China’s One Belt, One Road initiative is the fusion of two development schemes—the land-based Silk Road Economic Belt, and the 21st Century Maritime Silk Road. Together they comprise infrastructure between 65 countries containing 63% of the world population, more than 35% of global merchandise trade, and 30% of global GDP. To date about $ 150 billion in investment has been committed.
After several decades when most Western governments inclined toward freer and more global trade, the mood seems to be changing. In the US, the presidential candidates have agreed on little but the need to keep a closer eye on trade agreements. In the United Kingdom, the new Prime minister, Theresa May, seems determined to fulfill the British public’s wish to leave the European Union, despite the fact that the pound sterling sank recently to a 168-year low. Skepticism over trade deals seems likely to remain a stubborn presence in most of the mature economies, so what should Chinese companies do to react?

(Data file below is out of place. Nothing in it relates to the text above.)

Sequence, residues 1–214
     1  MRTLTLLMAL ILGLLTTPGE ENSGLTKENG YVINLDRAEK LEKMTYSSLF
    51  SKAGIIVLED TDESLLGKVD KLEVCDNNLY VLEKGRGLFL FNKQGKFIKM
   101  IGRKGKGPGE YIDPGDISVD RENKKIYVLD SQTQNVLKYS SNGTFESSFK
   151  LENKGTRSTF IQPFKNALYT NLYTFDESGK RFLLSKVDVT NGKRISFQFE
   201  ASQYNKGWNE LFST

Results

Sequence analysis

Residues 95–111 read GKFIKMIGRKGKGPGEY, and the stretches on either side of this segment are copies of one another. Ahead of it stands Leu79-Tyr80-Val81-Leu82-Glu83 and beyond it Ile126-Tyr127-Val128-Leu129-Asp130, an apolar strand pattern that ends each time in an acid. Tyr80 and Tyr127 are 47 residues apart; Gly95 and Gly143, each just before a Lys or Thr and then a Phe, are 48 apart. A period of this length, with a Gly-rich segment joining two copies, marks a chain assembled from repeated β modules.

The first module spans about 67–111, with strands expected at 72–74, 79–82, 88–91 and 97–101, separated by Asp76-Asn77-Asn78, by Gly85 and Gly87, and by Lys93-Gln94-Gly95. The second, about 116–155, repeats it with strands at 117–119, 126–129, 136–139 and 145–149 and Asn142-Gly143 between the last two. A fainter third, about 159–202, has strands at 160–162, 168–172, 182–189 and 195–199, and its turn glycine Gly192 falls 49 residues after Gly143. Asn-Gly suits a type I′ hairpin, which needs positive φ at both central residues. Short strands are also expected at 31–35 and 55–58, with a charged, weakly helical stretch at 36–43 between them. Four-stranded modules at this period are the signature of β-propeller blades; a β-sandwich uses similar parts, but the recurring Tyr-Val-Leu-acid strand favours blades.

For the past three decades, the general political consensus in the mature Western economies has been that trade liberalization is a good thing: most economists credit rising levels of global trade and cross-border investment with lifting nearly a billion people out of poverty in the developing world and reducing prices for consumers almost everywhere. Yet despite those successes, a growing segment of the public in the mature economies sees the impact of liberal trade policies quite differently— the revisionist view sees free trade as a major cause of the declining prosperity in the mature economies. Why has an anti-globalization consensus developed?
Asia is seeing growing rivalries—and also the enduring influence of the US. In the post-war years it was perhaps easy to take for granted the deep and vast sway held by the US in Asia—from its significant role in the Asian Development Bank to its closeness to regional powerhouse Japan. China’s recent rise has reconfigured the terms of politics, economics and trade in Asia—and the world. That has informed the US’s much-discussed ‘pivot’ to Asia, a key plank of which has been the Trans Pacific Partnership (TPP). Are China’s prospects in trade and regional influence hampered because it is not a signatory of the TPP?
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